Car: ( Or, in this case, Van ) Chevrolet G10 Van
What makes it special: The first Chevrolet Chevyvan G-10 half-ton production years was from 1964 through 1966, GM saw a market for a compact van based on a modified passenger car platform to compete with the already successful Ford Econoline and Dodge A100. The Chevyvan had a cab forward design with its engine placed in a “doghouse” between and behind the front seats. The implementation of situating the driver on top of the front axle with the engine near the front wheels is called internationally a “cab over” vehicle. Engines and brakes were sourced from the Chevy II. A first gen is quickly identified by its single piece flat windshield glass. Windows were available as an option, but were simply cut into the sides from the factory. Air conditioning, power steering and power brakes were not available in the 1st generation vans.
What made it famous: For 1965, the van remained largely unchanged. The grille openings were widened, and received one additional slot just above the bumper to increase cooling. Seat belts were added. The exciting news for the 1965 model year was the introduction of the Chevy Sportvan. Sportvan was a passenger friendly van with windows molded into the van body. A retractable rear courtesy step for the passenger side doors was used on the Sportvan. The 194 6-cylinder engine was now standard equipment, with an available ‘Hi-Torque’ 140 hp, 230 cu in inline six-cylinder.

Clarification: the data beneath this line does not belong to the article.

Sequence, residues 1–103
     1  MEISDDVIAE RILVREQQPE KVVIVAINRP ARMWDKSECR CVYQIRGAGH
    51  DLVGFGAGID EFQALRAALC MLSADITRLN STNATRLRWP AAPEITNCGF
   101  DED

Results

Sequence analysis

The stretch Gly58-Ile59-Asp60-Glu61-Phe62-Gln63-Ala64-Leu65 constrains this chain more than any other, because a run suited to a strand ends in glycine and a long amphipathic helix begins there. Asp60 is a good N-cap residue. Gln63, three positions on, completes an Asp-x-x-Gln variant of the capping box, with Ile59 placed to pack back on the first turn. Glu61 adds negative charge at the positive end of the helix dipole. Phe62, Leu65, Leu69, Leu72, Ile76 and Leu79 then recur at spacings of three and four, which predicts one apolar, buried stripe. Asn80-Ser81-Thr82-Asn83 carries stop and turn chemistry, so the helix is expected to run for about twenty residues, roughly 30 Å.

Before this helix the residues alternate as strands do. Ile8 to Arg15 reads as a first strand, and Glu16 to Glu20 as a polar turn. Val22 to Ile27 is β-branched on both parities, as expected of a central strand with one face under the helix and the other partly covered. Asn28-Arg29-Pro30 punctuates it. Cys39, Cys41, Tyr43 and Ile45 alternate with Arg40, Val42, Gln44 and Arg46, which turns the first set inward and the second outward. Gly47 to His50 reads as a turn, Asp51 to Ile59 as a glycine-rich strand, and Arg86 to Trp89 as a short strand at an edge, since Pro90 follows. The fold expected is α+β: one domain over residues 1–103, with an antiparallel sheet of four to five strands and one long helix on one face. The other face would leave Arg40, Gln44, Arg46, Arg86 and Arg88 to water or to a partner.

Why I would want one: These are just plain cool, and can be used for utility or delivery purposes, but I prefer to see them as customs or street-rod variations.
Fun fact: In 1966, General Motors developed the concept vehicle Electrovan, based on the GMC Handi-Van. The vehicle used a Union Carbide cryogenic fuel cell to power a 115-horsepower electric motor. It never went into production due to cost issues and safety concerns.